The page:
Once the vehicle goes beyond its range, however, it switches to using the on-board natural gas engine. Natural gas is much cleaner than diesel. Historically, it’s also been much cheaper, though that’s currently under question given the ferocious rally in natural gas prices over the past few months. Regardless, historically, there’s been a considerable amount of interest in using natural gas for trucking.

A combination natural gas/battery engine could be a best-of-both-worlds solution. It offers many of the efficiency and environmental benefits of electric, while having a much larger range thanks to the natural gas backup. Additionally, it gives trucking companies a relatively simple way to improve their business and improve their environmental profile without having to totally overhaul their whole fleet.

Is There Demand for This Solution?

There’s a bearish talking point on HYLN stock is worth considering. Simply put, there are dozens if not hundreds of companies in the EV space, with many of them focusing on trucking in particular. Yet Hyliion is the only one—or at least the only public one—pursuing this sort of hybrid approach.

Thus, one can reasonably suggest that Hyliion’s solution simply isn’t that promising . The existing trucking industry has operated as it has for decades. It may take a total rethinking of trucking from the ground up to disrupt the existing supply chain. Even if Hyliion can produce incrementally better results, that may not be enough to move the needle.

More broadly, there is a dilemma so many SPAC firms find themselves in. They have little in the way of profits or even recurring revenues yet. So, investors have to believe in the story to maintain their confidence in the firm. That certainly applies to HYLN stock, which has generated minimal revenues up to this point. The company does have a decent balance sheet and a number of pre-orders. Still, it will take more time to see if Hyliion can convert its potential into tangible results.

HYLN Stock Verdict

Hyliion is doing something different. You can argue that either way. Bears say no one else is pursuing this path because it is unlikely to garner much commercial interest. And that’s a fair argument.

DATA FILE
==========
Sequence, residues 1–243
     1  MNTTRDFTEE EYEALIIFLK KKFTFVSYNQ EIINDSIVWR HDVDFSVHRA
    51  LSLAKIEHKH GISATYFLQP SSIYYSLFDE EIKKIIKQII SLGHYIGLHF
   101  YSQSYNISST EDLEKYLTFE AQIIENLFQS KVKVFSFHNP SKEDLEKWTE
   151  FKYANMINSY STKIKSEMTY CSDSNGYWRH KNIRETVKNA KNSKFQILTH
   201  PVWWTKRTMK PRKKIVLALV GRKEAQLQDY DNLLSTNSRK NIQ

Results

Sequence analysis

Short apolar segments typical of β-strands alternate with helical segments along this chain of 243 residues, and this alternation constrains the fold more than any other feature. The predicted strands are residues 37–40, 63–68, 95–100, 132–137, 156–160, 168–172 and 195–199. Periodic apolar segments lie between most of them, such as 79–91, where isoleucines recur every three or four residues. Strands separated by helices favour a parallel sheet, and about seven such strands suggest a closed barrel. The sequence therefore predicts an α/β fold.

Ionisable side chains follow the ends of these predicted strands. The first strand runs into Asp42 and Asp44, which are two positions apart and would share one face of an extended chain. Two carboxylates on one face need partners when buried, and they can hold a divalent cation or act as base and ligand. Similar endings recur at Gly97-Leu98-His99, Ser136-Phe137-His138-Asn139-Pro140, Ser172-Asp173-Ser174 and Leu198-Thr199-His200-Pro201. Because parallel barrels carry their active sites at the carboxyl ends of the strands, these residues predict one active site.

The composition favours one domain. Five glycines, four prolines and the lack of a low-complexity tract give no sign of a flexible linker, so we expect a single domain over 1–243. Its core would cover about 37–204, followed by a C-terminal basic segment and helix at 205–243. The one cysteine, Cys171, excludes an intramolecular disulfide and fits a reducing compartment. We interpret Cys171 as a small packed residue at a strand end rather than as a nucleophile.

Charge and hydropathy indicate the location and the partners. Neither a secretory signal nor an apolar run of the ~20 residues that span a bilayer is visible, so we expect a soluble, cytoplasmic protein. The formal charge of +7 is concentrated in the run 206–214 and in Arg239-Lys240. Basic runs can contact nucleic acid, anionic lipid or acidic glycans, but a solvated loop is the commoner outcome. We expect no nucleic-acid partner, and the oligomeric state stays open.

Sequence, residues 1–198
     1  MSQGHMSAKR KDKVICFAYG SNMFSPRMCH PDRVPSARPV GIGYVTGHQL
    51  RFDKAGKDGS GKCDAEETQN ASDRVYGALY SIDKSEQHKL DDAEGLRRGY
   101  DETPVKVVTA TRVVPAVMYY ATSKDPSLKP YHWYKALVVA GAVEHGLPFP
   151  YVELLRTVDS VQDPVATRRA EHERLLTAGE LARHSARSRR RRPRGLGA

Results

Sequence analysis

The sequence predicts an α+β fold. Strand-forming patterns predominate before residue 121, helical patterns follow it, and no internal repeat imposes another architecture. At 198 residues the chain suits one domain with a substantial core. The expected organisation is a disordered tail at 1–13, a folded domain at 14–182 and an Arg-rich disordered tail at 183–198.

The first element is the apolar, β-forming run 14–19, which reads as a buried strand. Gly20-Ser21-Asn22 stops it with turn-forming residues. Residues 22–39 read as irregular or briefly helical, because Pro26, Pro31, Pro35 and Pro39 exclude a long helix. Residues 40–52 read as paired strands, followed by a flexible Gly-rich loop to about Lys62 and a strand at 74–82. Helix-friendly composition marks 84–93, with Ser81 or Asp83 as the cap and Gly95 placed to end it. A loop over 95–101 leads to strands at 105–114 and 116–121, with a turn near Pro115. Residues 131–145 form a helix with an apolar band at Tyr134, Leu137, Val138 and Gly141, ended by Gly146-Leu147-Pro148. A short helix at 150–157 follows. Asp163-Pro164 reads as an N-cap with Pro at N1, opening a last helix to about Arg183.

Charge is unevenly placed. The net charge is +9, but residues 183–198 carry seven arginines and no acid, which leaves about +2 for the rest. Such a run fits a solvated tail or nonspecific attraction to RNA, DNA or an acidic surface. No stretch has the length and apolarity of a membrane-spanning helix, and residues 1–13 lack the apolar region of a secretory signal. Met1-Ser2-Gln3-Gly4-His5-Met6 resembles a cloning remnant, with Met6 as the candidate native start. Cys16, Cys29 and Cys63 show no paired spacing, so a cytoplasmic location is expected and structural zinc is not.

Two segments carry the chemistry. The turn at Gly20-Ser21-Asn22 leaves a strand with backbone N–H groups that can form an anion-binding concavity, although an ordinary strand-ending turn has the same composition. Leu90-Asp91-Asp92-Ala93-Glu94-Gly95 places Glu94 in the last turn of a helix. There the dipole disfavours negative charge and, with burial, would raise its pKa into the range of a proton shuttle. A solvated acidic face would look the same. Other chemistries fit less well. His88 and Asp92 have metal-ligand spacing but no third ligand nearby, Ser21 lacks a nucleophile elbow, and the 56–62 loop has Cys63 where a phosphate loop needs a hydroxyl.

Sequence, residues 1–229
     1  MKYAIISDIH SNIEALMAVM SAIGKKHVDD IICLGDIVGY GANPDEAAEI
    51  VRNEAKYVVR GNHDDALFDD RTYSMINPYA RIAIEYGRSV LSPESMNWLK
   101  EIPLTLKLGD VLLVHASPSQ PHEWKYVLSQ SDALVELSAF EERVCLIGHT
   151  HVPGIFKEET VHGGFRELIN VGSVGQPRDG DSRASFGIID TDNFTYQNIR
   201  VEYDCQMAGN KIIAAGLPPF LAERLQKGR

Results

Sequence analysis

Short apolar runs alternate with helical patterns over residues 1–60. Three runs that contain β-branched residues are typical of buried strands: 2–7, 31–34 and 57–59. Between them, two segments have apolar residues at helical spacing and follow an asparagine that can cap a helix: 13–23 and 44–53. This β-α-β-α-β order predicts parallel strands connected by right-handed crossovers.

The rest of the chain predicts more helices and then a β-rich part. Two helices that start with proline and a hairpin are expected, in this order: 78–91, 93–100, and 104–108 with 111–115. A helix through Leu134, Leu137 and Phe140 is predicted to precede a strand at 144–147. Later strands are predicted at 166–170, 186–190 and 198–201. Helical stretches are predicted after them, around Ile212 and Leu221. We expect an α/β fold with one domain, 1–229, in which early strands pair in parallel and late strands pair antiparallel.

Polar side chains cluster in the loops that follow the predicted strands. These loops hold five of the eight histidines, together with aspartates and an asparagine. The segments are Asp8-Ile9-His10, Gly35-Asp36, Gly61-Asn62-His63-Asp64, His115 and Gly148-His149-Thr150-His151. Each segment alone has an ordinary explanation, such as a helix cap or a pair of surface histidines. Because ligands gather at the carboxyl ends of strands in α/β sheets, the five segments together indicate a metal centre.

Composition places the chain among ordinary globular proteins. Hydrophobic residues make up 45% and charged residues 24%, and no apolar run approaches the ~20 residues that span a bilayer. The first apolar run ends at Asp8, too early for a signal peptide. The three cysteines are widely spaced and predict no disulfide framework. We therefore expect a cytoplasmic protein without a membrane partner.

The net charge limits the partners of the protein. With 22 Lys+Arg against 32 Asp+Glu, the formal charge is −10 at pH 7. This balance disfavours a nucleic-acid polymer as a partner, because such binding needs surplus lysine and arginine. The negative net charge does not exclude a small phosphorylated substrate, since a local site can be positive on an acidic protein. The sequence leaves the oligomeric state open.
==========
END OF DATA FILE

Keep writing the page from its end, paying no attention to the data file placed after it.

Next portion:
On the other hand, there are way too many generic EV companies with a spiffy-looking prototype vehicle and little else. You might have better odds taking a chance on a company that is trying to advance a practical—albeit less flashy—solution to a widespread problem.

Hyliion lacks a lot of glamour you’d find in other EV companies. Relying partly on natural gas fails to check certain environmental, social and governance (ESG) boxes as well. However, if the company can deliver on its promises in terms of efficiency and cost savings, that other stuff shouldn’t matter too much. Hyliion still has to prove out that potential commercial demand. But the concept makes a lot of sense, and the valuation isn’t too demanding at this price, either.

On the date of publication, Ian Bezek did not have (either directly or indirectly) any positions in the securities mentioned in this article. The opinions expressed in this article are those of the writer, subject to the Publishing Guidelines.

Ian Bezek has written more than 1,000 articles for and Seeking Alpha. He also worked as a Junior Analyst for Kerrisdale Capital, a $300 million New York City-based hedge fund. You can reach him on Twitter at @irbezek.

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Author: Ian Bezek

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Energy & Critical Metals

Cypress Development kickstarts its pilot plant program

Cypress Development (CYP.V) has completed the assembly of the pilot plant which will be used to test the metallurgical characteristics of the Clayton…

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Cypress Development (CYP.V) has completed the assembly of the pilot plant which will be used to test the metallurgical characteristics of the Clayton Valley Lithium project in Nevada. The outcome of the pilot plant program will be very important as Cypress will be testing the use of a chloride-based leaching process in combination with the Chemionex-Lionex process for direct lithium extraction.

This approach worked on a smaller scale basis and the pilot plant program could be seen as the moment of the truth. The flow sheet seems to make sense, and could perhaps mean a breakthrough for clay-hosted lithium projects as the sector will for sure be moving towards a ‘cleaner’ approach to recover the lithium versus the classic acid leaching processes. A successful outcome will further de-risk the project, and the subsequent feasibility study may show superior economics if the company uses a slightly higher lithium price compared to the PEA and PFS studies. Keep in mind the current market price for lithium carbonate exceeds $20,000 per tonne and if that price would have been used in the PFS, the NPV of the Clayton Valley project would have been substantially higher.

The pilot plant programme comes very timely as this appears to be the right time to consider developing a lithium project in North America as the economics will for sure be underpinned by a strong lithium price.

Disclosure: The author has a long position in Cypress Development. Cypress is a sponsor of the website. Please read our disclaimer.

Author: CR Team